Reddit API Pricing Changes Threaten Third-Party App Developers' Future
In a move that has raised both eyebrows and concerns, Reddit's upcoming API pricing changes have put the future of third-party Reddit app developers in jeopardy. Developers of popular apps like Apollo, Narwhal, and Reddit is Fun have voiced their fears, stating that the new pricing might force them to shut down due to unsustainable costs and restrictions on revenue generation.
While Reddit has not officially announced the prices of its new plans, the developer of Apollo, Christian Selig, claims to have learned that the new pricing will cost $12,000 per 50 million requests. Given that Apollo made 7 billion requests last month, Selig fears that the cost could reach around $20 million a year, well beyond the app's earnings. Similarly, the developer of Narwhal has mentioned that this pricing would amount to $1-2 million a year, making it unaffordable for their business.
Additional developers, such as those for Relay for Reddit and Infinity for Reddit, have also expressed concerns about the future of their apps. Under the new API rules announced in April, third-party client developers will no longer be able to earn money from ads, nor can they display NSFW content within their apps. This means they will have to rely on subscription revenue from users, despite limited access to content.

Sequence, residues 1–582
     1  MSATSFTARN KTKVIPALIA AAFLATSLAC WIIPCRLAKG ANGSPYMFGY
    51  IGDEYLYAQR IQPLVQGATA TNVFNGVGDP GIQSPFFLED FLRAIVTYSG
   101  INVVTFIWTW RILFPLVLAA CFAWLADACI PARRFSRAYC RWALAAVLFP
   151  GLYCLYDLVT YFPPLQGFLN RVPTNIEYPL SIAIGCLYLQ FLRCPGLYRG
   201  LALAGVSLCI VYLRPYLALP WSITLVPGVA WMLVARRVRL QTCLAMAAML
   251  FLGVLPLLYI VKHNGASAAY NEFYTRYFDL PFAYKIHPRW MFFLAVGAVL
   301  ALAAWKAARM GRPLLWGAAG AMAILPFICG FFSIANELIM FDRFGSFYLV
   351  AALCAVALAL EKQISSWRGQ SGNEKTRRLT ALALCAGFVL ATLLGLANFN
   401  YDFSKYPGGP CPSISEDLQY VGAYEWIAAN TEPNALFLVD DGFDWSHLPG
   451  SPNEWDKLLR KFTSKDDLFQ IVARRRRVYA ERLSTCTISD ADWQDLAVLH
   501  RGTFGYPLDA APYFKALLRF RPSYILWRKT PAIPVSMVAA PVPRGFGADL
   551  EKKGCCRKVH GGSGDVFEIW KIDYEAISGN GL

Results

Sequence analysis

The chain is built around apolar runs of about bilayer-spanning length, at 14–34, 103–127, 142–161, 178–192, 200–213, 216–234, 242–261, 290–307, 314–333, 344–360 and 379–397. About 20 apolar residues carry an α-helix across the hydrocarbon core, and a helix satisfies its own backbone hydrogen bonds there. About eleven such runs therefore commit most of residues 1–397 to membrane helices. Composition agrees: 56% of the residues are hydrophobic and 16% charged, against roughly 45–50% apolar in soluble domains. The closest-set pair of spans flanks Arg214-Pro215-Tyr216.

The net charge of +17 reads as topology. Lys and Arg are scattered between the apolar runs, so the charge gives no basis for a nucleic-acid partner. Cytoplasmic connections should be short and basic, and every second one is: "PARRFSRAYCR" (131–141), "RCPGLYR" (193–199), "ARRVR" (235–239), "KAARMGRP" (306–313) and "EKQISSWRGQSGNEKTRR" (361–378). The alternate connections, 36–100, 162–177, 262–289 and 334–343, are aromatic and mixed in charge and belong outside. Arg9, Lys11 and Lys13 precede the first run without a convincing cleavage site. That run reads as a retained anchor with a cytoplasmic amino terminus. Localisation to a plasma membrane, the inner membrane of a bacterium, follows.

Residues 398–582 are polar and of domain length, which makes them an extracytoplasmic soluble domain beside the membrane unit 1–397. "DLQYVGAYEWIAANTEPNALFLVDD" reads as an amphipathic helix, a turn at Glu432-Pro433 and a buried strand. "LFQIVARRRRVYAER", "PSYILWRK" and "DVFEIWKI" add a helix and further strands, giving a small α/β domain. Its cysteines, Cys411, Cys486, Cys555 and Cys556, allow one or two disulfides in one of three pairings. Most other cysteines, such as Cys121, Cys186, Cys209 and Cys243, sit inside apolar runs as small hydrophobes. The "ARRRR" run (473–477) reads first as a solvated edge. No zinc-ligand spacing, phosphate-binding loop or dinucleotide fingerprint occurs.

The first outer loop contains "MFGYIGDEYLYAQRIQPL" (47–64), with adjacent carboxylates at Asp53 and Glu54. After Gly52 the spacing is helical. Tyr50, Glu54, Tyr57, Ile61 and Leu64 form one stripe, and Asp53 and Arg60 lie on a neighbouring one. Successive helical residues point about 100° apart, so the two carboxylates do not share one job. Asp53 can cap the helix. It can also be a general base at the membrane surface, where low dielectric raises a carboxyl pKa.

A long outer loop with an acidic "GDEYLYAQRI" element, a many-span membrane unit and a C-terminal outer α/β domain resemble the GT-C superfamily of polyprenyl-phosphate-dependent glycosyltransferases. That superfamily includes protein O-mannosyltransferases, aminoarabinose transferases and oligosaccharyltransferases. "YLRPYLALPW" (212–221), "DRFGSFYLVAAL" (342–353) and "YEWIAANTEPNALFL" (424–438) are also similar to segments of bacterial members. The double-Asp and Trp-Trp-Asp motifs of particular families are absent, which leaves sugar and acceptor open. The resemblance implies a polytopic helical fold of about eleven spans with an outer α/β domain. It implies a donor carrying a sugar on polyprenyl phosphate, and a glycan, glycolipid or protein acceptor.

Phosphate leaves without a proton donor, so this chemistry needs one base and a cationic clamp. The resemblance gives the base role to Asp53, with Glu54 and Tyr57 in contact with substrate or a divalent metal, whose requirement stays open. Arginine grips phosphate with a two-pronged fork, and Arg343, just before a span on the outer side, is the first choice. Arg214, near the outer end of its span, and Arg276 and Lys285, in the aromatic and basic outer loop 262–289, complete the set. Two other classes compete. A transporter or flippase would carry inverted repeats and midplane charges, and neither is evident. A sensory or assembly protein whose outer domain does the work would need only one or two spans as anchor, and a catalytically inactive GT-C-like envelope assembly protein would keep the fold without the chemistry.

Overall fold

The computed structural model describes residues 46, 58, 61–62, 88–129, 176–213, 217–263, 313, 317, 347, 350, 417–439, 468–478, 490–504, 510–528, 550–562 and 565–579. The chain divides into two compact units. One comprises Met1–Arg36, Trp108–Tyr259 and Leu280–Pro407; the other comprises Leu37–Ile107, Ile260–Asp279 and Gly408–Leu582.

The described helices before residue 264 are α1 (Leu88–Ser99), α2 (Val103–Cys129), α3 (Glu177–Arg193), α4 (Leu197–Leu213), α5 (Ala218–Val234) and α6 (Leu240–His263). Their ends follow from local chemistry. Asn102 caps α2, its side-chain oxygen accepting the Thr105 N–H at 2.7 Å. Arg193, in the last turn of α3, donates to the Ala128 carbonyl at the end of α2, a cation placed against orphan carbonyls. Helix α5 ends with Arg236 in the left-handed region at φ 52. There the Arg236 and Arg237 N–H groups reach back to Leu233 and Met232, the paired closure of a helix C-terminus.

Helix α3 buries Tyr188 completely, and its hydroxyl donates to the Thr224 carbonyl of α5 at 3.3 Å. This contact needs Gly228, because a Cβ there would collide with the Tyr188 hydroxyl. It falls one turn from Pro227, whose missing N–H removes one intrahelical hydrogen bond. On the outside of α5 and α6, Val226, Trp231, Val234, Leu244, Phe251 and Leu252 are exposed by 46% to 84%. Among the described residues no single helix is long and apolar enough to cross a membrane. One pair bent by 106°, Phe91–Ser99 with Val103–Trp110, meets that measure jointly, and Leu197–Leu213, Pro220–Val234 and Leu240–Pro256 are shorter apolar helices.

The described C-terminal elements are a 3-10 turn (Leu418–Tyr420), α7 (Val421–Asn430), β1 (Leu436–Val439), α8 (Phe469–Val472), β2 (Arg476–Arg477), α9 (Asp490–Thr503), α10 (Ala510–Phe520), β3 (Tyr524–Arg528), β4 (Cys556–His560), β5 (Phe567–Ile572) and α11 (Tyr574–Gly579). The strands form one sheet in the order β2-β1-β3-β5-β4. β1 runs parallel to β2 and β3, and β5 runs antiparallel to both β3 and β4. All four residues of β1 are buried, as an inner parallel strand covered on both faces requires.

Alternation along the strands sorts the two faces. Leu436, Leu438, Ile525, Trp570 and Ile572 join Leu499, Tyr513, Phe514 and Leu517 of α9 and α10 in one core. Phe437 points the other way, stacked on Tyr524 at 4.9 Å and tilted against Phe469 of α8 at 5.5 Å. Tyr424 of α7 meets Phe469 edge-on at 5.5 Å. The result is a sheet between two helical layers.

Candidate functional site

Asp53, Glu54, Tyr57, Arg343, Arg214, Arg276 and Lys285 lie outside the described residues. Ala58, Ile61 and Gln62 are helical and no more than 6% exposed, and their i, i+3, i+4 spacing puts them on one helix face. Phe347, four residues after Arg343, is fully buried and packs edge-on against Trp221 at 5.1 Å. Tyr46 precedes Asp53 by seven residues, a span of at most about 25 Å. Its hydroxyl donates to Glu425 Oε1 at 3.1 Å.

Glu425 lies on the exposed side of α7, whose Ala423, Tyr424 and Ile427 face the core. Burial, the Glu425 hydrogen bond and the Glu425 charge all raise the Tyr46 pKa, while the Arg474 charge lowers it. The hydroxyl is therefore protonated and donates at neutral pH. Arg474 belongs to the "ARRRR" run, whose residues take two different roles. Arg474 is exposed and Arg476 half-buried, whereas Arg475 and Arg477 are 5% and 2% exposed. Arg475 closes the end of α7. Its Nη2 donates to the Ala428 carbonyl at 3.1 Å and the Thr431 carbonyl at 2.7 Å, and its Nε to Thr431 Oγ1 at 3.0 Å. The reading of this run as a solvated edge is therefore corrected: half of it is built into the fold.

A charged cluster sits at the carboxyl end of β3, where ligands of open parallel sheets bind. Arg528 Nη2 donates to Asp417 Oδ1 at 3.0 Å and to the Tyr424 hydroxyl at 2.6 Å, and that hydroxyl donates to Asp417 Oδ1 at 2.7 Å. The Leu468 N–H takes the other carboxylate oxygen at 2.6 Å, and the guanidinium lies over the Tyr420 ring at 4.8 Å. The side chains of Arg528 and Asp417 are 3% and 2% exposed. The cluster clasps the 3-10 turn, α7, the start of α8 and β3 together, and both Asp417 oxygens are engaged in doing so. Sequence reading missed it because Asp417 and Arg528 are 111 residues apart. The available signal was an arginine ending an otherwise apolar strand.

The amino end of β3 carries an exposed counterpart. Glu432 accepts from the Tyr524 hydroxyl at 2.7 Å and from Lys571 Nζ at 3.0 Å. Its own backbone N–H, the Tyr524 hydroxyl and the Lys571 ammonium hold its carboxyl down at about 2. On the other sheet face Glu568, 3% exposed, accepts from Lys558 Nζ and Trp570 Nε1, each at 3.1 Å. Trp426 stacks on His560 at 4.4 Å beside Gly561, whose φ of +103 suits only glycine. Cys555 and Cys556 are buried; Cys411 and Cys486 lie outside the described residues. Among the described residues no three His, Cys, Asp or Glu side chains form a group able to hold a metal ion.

Many have compared Reddit's decision to Twitter's API changes in January of this year, which effectively banned third-party apps like Tweetbot, Twitterrific, and Talon. Critics argue that Reddit's new approach is an attempt to monetize its data by charging developers who have built their businesses around it. Reddit, however, insists that it is not trying to shut down third-party clients, emphasizing its commitment to fostering a safe and responsible developer ecosystem.
Nonetheless, the Reddit user base has not responded kindly to the potential impact of these API pricing changes on their favorite third-party apps. Some have already begun looking into alternative platforms, reminiscent of the Twitter users who migrated to other networks after the ban. As the situation unfolds, developers and users alike will be keeping a close eye on Reddit's next moves and the fate of their beloved third-party apps.